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Showing posts from June 9, 2017


This is the newst update of the ‘U.S. Carrier Strike Groups Locations Map’ exclusive series showing the approximate locations of U.S. Carrier Strike Groups on a weekly basis. SouthFront: Analysis & Intelligence tracks locations of U.S. aircraft carriers using the available open-source information. No classified information was used in production of the map. Click to see the full-size map Carrier strike group (CSG) is an operational formation of the United States Navy. It is centered on an aircraft carrier and a carrier air wing (CVW) of 65 to 70 aircrafts. It’s composed of roughly 7,500 personnel, an aircraft carrier, at least one cruiser, a destroyer squadron of at least two destroyers and/or frigates. A carrier strike group also, on occasion, includes submarines, attached logistics ships and a supply ship. Carrier strike groups comprise a principal element of U.S. power projection over the world’s oceans.


North Korea has tested a new type of cruise missile that could strike US and South Korean warships, North Korean state-run media said Friday. “This new-type cruise rocket is a powerful attack means capable of striking any enemy group of battleships” attempting to attack the country and can be used “at will,” the Korean Central News Agency said. The missiles “accurately detected and hit” floating targets at sea after making “circular flights,” according to the report. North Korea didn’t reveal how many anti-ship missiles it had launched. However, South Korean National Security Director Chung Eui-yong said that four short-range missiles were fired. The projectiles were reportedly fired from the town of Wonsan and flew about 200 km before reaching targets between the Korean Peninsula and Japan. The anti-ship missiles represent the fourth new missile system that North Korea has introduced and tested this year. The new missile tests came amid US THAAD missile-defense systems deployment in…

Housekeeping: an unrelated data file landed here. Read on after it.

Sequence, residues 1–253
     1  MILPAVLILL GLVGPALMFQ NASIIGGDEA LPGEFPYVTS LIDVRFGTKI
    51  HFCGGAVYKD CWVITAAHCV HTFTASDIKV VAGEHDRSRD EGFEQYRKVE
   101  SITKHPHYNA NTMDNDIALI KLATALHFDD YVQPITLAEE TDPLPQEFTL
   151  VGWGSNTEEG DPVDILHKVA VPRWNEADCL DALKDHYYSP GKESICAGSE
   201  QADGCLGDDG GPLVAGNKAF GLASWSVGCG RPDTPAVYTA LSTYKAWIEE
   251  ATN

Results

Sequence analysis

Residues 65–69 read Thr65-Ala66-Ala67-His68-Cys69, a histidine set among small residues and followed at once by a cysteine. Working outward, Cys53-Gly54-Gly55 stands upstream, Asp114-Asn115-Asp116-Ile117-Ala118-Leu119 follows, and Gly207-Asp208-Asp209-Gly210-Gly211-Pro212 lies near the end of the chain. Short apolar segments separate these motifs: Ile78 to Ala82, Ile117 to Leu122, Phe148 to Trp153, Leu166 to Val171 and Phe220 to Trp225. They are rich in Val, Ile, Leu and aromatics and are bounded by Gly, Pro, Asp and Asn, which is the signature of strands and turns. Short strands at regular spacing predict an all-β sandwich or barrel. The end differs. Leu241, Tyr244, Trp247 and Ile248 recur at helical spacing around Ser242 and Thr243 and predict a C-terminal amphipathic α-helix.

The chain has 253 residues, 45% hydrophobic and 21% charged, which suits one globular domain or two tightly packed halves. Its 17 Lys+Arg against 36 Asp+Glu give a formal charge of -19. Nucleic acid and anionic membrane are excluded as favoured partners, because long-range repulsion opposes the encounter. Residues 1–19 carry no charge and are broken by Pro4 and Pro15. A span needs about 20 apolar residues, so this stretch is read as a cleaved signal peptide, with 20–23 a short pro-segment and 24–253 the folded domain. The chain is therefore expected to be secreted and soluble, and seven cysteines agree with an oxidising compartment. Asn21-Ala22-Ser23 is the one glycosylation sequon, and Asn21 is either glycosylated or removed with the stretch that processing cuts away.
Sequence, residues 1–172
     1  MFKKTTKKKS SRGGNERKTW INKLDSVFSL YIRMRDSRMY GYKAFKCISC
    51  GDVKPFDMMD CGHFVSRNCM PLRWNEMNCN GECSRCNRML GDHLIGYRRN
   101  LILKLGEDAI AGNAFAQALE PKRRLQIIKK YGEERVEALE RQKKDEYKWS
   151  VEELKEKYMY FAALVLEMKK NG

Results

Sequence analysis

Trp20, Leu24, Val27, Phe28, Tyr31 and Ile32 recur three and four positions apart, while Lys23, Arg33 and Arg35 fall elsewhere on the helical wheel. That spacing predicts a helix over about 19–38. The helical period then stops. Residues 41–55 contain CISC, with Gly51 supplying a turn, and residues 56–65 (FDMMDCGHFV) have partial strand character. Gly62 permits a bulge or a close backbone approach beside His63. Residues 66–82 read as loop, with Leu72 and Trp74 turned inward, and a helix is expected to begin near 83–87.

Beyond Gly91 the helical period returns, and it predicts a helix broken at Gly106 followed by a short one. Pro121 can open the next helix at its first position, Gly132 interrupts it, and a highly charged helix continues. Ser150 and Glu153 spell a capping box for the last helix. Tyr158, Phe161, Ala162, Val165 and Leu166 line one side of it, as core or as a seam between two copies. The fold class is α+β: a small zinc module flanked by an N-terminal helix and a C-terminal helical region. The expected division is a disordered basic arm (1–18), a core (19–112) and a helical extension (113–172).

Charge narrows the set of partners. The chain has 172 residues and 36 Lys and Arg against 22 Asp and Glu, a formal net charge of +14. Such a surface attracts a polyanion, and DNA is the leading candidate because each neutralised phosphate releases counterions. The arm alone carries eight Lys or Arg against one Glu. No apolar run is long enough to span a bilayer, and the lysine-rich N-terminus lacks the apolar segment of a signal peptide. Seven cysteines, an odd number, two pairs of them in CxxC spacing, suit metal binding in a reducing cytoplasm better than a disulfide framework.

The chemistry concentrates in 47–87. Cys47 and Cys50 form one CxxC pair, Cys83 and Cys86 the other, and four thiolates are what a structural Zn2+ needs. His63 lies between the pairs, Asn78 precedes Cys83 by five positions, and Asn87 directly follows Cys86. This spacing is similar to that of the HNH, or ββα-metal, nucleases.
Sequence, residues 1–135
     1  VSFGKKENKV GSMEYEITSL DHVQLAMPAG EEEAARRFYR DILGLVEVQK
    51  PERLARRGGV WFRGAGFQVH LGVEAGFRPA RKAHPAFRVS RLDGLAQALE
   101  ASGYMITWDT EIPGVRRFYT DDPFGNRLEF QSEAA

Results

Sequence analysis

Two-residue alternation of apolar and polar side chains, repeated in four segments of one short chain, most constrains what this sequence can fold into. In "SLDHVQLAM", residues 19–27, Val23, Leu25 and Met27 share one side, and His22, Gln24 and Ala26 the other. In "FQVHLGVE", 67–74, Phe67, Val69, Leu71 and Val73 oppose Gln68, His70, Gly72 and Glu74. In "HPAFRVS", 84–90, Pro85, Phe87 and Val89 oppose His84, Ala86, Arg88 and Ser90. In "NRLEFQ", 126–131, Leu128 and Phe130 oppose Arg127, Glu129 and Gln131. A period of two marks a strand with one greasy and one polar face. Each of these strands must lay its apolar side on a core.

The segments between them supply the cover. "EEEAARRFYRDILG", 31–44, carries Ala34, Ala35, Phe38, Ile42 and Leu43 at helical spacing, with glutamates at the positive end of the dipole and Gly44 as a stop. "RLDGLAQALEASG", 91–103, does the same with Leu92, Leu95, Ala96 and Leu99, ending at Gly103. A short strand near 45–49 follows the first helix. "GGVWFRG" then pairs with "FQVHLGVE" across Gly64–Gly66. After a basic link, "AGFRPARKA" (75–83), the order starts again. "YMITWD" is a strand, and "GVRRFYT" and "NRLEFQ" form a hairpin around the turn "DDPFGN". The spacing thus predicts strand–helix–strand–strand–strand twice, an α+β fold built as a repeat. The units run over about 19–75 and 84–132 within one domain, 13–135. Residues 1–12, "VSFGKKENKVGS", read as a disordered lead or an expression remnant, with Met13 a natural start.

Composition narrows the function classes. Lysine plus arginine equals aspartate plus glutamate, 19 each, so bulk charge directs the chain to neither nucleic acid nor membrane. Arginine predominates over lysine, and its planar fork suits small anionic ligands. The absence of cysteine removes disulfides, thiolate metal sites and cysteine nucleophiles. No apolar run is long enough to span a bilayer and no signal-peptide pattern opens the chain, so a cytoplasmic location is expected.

A woman and boy walk past a Qatar Airways branch in the Saudi capital of Riyadh on 5 June 2017 (AFP/Getty Images) Tension between Qatar and Saudia began in 2016 when Qatar was the last Arabian Gulf country to condemn the Iranian government for the attack on the Saudi embassy in Iran by protestors that took place after Saudi Arabia had executed a Saudi Shia cleric. Saudi Arabia, the UAE and Egypt launched a number of attempts to prevent Qatar’s cooperation with Iran. On June 4, 2017, when the attempts failed, Saudi Arabia, Egypt and Bahrin announced cutting all diplomatic ties with Qatar. They even imposed limited sanctions on Qatar banning Qatari jets and ships from entering the airspace or ports of Saudi Arabia and its allies. Furthermore, Saudi Arabia said that Qatar has to cut its diplomatic relations with Iran and to stop supporting the Muslim Brotherhood, the Hamas movement and Hezbollah. Qatar refused to fulfil the demands. Qatari Foreign Minister Mohamad Bin Abdu Allah Al-Than…